Safer sex during the Covid-19 pandemic

A guide to enjoying sex whilst reducing the risk of  infection

The ‘social distancing’ restrictions we have all got used to in recent months have been key to containing the virus.

We know that those restrictions have been difficult. Everyone has had to make sacrifices around who we can and cannot meet. Of course, this has affected many people’s sex lives and relationships.

From 5 November until at least the 2 December, London, like the rest of England, will go into a new lockdown. This means you should stay at home except for specific purposes and avoid meeting people you do not live with (unless they form part of your support bubble). During this time, many businesses and commercial venues will also be closed. You can view the guidance in full here.

These new restrictions obviously have implications for sex and relationships. Sex is an important part of human life and has many physical and emotional benefits. We’ve received queries on what is allowed,  what is safe and where to find additional information.

Top Tips

There is more to be discovered about Covid-19 and how it spreads, but this is what we know so far:

  • Covid-19 is highly contagious, and you can catch it from someone who is already infected.
  • The virus spreads mainly through airway droplets (sneezing, coughing or speaking) and through directly touching contaminated surfaces.
  • The virus can spread to people who are within 2 metres (6 feet) of an infected person who coughs or sneezes.
  • Covid-19 has already been found in faeces (poo) of people who are infected with the virus.
  • Some research has found Covid-19 in semen and vaginal fluids.
  • Not everyone who is infected will have symptoms, but they are still likely to be highly infectious. This is known as being asymptomatic.

Intimate contact with someone outside your household is against the regulations (this means that the rules do not allow sex with someone outside your household).
Government regulations should be followed, but if you do have sex with people outside your household, the following advice can reduce the risk of infection:

  • Yourself. You are your safest sexual partner – this applies for STIs as well as coronavirus. Masturbation (‘wanking’) can be a great release and will not spread Covid-19, just remember to wash your hands (and any sex toys) before and after.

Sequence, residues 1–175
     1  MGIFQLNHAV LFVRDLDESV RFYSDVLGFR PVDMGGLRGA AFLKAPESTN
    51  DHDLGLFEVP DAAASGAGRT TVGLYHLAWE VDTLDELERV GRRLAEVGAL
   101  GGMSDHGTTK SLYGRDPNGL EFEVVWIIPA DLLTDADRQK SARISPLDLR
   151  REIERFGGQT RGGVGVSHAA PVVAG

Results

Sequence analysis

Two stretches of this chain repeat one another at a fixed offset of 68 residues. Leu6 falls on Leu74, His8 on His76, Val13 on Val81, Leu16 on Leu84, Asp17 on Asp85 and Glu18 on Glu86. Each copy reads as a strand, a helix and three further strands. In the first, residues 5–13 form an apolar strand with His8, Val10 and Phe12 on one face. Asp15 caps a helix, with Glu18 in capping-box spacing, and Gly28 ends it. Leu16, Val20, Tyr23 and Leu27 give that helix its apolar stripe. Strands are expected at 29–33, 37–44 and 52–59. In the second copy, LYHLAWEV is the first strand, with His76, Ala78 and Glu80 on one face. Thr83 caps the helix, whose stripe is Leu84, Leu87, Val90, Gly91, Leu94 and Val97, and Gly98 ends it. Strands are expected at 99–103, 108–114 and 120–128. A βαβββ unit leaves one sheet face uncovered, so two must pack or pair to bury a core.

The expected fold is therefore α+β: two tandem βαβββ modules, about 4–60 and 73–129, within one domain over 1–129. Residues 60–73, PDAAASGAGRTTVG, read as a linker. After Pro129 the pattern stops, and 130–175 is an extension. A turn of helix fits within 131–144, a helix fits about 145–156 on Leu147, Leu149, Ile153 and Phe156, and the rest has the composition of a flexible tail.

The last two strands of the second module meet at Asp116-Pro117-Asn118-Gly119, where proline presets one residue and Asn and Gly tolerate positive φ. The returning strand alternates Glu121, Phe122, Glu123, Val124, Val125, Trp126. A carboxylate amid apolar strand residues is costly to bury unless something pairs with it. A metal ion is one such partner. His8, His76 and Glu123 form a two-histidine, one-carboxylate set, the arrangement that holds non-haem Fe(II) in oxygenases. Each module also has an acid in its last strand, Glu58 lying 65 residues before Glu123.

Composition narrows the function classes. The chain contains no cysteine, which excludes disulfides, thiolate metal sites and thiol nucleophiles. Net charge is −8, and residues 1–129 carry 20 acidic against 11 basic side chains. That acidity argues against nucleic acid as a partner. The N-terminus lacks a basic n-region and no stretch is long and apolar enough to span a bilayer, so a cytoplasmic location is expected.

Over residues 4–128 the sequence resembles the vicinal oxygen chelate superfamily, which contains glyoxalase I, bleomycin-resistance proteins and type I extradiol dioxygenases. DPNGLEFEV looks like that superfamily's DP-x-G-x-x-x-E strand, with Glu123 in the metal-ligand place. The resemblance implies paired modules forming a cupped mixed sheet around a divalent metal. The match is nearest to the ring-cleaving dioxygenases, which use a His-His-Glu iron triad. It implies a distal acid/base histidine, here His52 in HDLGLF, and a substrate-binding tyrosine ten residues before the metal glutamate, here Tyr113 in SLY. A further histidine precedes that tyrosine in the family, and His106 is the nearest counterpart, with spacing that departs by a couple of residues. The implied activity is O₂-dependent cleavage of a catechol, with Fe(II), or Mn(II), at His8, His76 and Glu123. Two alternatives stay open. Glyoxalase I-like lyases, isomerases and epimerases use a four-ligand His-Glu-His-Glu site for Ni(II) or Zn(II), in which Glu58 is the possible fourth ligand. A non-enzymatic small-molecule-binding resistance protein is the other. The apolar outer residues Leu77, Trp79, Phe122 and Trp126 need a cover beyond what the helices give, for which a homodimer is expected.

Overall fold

• Your partner/spouse/lover (if you live in the same home). Your next safest sexual partner is someone you live with if you are both feeling well (no recent potential exposure to Covid-19) and both consent to sex. This includes your ‘support bubble’ if you were eligible to form one – guidance can be found here.
  • Intimate contact with someone outside your household is not advised (this means that the regulations do not allow sex with someone outside your household).
    Government guidance should be followed, but if you do have sex with people outside your household, the following advice can reduce the risk of infection:

    • Discuss potential recent exposure to the virus before meeting up, or before having sex. Just like you would when discussing safer sex (such as HIV status, using PrEP and condoms), you should discuss if you or your partner have shown any symptoms of the virus in the last 14 days. A full list of symptoms can be viewed here. If they have, they should be self-isolating for 14 days and not interacting with anyone. Anyone showing symptoms should urgently arrange a free Covid-19 test through the NHS.
    • Fewer sexual partners; lower the risk. Sex with multiple partners or physical group sex is not safe in the current environment. Large gatherings where social distancing of 1m plus is not followed will increase the risk of Covid-19 infection.
      But if you do find yourself in this situation there are measures which might reduce the risk (a little):

      • Keep the numbers of sex partners low and only meet those you trust.
      • Wear a face mask and wash your hands frequently.